Australian top university’s test sparks Chinese anger with 'prejudiced' questions
By Liu Chen

2017-05-20 11:03 GMT+8

An online test paper for a human resources management class in Monashi University has provoked Chinese students’ anger over biased questions about Chinese society with the "correct" answers being thought to be highly prejudiced.

Over half of the test was about human resources in China, and two of the "correct" answers to a multiple question test have proven to be extremely controversial.

Question 6 asked people to complete the following sentence: There is a common saying in China that government officials only speak the truth when...? The "correct" was “they are drunk or careless.”

Question 6. /Global Times

And question 10 asked what factor is the main barrier in modernizing China’s traditional industry? And the "correct" answer was “the lack of skilled workers especially managers.”

Question 10. /Global Times

After the test, a lot of Chinese students conveyed their concern about the exam as they felt the questions were prejudicial and did not reflect China’s modern society. The students complained that was not an "old saying in China" that government officers only tell the truth after getting drunk.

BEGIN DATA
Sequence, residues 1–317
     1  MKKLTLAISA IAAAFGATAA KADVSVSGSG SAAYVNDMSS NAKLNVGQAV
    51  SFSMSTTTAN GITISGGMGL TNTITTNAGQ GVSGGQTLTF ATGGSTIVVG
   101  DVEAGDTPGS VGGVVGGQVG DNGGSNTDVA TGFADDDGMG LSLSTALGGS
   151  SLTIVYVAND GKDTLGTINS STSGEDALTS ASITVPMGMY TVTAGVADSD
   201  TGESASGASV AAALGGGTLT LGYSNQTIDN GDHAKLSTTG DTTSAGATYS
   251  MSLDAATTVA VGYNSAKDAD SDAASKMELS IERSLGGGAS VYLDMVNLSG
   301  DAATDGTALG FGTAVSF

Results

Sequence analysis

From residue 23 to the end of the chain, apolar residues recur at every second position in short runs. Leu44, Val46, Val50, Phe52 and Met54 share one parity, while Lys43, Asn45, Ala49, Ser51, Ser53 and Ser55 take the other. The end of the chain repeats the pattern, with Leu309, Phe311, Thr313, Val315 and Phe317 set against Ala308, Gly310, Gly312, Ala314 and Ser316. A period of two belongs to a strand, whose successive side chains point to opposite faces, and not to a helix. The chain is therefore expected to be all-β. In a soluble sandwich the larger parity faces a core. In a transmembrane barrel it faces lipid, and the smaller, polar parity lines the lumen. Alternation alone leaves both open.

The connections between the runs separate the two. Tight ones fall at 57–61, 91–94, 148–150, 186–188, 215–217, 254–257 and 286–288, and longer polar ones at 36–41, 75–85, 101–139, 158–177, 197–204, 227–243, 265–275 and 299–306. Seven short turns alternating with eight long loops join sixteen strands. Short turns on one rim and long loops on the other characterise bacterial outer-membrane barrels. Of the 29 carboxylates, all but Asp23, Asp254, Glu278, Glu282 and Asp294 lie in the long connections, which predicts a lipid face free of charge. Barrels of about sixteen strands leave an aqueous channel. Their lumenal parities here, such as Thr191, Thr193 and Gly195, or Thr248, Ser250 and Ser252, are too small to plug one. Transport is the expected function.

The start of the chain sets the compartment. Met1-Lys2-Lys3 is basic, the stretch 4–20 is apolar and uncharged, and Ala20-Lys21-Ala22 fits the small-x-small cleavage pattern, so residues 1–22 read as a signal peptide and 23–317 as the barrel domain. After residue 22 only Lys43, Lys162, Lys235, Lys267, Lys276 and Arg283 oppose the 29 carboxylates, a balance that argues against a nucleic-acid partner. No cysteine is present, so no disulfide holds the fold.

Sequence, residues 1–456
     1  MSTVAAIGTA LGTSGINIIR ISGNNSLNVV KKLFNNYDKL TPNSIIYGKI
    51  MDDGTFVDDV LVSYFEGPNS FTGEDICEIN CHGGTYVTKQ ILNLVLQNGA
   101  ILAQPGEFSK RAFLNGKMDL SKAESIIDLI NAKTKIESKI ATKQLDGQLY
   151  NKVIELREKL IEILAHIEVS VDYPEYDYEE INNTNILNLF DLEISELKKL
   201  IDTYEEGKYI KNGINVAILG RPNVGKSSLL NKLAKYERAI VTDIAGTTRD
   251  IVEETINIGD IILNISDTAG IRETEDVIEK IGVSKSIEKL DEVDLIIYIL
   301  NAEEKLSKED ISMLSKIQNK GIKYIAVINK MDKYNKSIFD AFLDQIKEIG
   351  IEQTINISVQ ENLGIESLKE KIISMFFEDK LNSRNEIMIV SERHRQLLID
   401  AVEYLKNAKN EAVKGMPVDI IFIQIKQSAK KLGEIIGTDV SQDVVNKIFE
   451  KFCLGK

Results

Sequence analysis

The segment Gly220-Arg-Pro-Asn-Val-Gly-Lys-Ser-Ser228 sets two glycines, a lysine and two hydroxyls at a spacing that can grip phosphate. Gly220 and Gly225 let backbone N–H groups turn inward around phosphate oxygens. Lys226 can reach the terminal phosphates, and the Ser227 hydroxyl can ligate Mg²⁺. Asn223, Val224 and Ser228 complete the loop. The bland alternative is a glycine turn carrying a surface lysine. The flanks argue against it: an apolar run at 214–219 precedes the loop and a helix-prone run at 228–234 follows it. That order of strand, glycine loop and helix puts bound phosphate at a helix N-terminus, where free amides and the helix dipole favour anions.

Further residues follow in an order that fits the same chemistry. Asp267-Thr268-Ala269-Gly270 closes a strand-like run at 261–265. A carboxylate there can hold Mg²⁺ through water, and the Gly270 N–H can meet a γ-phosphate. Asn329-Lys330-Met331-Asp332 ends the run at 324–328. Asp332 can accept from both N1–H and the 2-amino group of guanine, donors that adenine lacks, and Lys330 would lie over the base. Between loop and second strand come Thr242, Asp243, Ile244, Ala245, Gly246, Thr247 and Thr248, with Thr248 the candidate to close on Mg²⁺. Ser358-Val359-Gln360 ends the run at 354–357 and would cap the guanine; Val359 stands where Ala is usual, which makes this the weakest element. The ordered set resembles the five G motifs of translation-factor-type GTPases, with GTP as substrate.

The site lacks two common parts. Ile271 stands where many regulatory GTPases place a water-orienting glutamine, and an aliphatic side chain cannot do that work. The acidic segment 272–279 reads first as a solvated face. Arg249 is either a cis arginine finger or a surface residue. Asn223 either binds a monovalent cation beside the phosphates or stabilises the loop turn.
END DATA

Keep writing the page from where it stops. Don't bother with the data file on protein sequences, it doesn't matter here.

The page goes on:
Meanwhile in addressing question 10, local Chinese media referred to a report from CNN back in 2012, indicating that China had become the world’s largest supplier of educated workers and it is estimated that by 2030, 30% of the educated workers in the world would be working in China. 

Screen shot of CNN report in 2012. /Sydney Today

According to the Global Times, Question 6 originated from a human resource textbook widely used in prestigious universities in Australia. The textbook quoted from a report published in the Hong Kong media's South China Morning Post which published an investigative report about national officers in 2003. 

“Recently in the last five years, China has changed a lot. It is inaccurate test our education using a report from 2003,” said Gao Song, a student who had taken the test. “It is also clearly identifies Monash University’s own rules that reference written over 10 years ago would not be appropriate.”

Letter from the deputy dean of the business school. /Global Times

Faced with the arguments from students, the deputy dean of Monash University Business School, Rorbert Rrooks sent out an email to students, indicating that the school would withdraw the test immediately and these questions did not represent the school's stand. The class teacher who is thought to be responsible for the test, Aaron Wijeratne,  is currently suspended.